Nearly 839 million workers in developing countries, 27 percent of global employment, are unable to earn enough to lift themselves and their families above the poverty threshold. There are 75 million unemployed young people today and those who are employed earn less than the living wage. Unemployment and underemployment are a major issue in many countries, regardless of their level of development. On top of all this, many of the world’s workplaces leave big carbon footprints.
In order to generate 45 million new jobs each year for new entrants to the labour market, and provide jobs for those who have lost theirs due to the impact of the financial and economic crises, the world must create 600 million jobs over the next decade. Will these be decent jobs with fair remuneration, good working conditions and respect for their rights at work?
Will these jobs take into account the impact on the environment of their activities? Or will they create greater income inequalities leaving many behind? Or will they continue to pollute the environment that will increase water- and airborne illnesses, destroying arable land and increasing the acidification of the oceans which support life on earth?
Creating decent work opportunities
With much at stake, the theme for the 2015 Economic and Social Council (ECOSOC) Integration segment will focus on, “Achieving sustainable development through employment creation and decent work for all.”
“The race is on, and now is the time for leaders to step up and steer the world towards a safer future”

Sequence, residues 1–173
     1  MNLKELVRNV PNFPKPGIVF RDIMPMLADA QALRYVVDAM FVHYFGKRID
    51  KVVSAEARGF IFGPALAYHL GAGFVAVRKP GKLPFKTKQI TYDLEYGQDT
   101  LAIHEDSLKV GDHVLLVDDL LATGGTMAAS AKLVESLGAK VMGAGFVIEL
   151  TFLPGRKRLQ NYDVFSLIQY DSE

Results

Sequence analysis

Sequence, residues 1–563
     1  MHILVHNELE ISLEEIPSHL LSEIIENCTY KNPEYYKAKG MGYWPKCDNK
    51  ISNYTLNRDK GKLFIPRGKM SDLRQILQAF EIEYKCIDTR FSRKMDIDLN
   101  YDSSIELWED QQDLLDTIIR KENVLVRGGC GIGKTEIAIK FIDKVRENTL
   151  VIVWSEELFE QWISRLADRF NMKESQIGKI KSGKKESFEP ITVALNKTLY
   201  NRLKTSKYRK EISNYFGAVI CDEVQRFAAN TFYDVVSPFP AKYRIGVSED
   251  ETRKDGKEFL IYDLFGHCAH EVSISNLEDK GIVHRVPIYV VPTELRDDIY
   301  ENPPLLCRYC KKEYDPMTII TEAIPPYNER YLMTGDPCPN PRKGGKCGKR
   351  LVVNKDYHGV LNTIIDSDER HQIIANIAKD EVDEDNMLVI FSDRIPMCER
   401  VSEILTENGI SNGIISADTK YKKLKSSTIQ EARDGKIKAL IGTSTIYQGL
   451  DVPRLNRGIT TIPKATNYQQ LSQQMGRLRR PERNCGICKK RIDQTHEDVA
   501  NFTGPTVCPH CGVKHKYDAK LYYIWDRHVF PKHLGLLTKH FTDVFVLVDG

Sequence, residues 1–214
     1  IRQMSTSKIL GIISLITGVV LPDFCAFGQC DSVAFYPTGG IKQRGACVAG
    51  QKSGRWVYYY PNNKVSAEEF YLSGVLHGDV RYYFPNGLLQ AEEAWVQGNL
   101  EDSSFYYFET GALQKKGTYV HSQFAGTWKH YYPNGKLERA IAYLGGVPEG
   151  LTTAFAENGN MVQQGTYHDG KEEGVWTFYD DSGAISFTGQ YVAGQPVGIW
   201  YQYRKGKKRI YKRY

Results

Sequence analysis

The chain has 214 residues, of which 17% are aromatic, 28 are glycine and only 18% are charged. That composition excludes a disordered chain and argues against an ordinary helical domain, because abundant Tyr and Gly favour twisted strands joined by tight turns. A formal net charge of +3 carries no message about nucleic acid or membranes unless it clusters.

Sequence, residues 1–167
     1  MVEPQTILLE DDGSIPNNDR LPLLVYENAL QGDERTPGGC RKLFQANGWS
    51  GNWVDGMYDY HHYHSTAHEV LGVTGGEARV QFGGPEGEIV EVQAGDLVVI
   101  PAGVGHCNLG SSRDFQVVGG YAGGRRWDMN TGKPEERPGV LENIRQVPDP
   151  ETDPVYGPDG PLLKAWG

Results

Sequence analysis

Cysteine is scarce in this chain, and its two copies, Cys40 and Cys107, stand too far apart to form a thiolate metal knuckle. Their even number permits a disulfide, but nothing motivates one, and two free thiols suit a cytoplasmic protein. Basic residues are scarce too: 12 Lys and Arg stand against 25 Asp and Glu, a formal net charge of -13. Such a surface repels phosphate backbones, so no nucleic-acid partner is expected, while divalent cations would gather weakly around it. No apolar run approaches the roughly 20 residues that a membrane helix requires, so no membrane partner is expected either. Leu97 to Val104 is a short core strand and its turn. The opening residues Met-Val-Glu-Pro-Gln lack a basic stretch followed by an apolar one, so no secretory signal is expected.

The three day session, starting on 30 March, will provide an opportunity for Member States, civil society, trade unions, the private sector, academia and other key actors to discuss and elaborate upon how employment creation and decent work for all could help promote the balanced integration of the economic, social and environmental dimensions of sustainable development.
Participants will include Heads of State and Government, Ministers, ILO’s tripartite constituency, local governments, the United Nations system, foundations, NGOs, academia and the private sector.
In order to optimize the opportunities for an integrated and constructive discussion, the conference will stage roundtable sessions, where representatives from diverse sectors are asked to focus on ways to promote policy convergence based on country experiences, good practices and lessons learned.
As ECOSOC President Martin Sajdik has underscored, ECOSOC is the central hub for engaging global actors and for mobilizing action on the most pressing challenges of our time.
Jobs for climate smart future